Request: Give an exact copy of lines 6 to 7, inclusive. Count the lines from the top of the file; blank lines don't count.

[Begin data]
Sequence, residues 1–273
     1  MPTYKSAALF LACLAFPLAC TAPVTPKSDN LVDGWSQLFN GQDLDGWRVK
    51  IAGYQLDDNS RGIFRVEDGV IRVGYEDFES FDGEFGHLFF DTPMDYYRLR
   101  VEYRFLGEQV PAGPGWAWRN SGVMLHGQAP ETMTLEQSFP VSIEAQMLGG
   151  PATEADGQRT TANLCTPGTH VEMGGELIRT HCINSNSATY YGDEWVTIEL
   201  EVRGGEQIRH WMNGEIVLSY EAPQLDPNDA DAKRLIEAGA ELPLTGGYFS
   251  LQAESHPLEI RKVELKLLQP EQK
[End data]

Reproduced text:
   201  EVRGGEQIRH WMNGEIVLSY EAPQLDPNDA DAKRLIEAGA ELPLTGGYFS
   251  LQAESHPLEI RKVELKLLQP EQK